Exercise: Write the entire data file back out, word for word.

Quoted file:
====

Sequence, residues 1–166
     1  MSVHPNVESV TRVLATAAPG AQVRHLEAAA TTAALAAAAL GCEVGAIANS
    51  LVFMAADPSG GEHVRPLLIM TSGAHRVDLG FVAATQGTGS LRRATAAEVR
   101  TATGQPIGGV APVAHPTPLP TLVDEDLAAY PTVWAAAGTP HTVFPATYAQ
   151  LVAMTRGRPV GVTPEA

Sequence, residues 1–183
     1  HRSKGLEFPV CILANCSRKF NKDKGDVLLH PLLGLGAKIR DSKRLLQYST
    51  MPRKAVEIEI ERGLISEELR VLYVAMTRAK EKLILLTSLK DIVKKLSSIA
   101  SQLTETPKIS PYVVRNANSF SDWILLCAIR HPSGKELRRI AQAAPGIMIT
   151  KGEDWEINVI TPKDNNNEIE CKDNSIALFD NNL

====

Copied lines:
Sequence, residues 1–166
     1  MSVHPNVESV TRVLATAAPG AQVRHLEAAA TTAALAAAAL GCEVGAIANS
    51  LVFMAADPSG GEHVRPLLIM TSGAHRVDLG FVAATQGTGS LRRATAAEVR
   101  TATGQPIGGV APVAHPTPLP TLVDEDLAAY PTVWAAAGTP HTVFPATYAQ
   151  LVAMTRGRPV GVTPEA

Sequence, residues 1–183
     1  HRSKGLEFPV CILANCSRKF NKDKGDVLLH PLLGLGAKIR DSKRLLQYST
    51  MPRKAVEIEI ERGLISEELR VLYVAMTRAK EKLILLTSLK DIVKKLSSIA
   101  SQLTETPKIS PYVVRNANSF SDWILLCAIR HPSGKELRRI AQAAPGIMIT
   151  KGEDWEINVI TPKDNNNEIE CKDNSIALFD NNL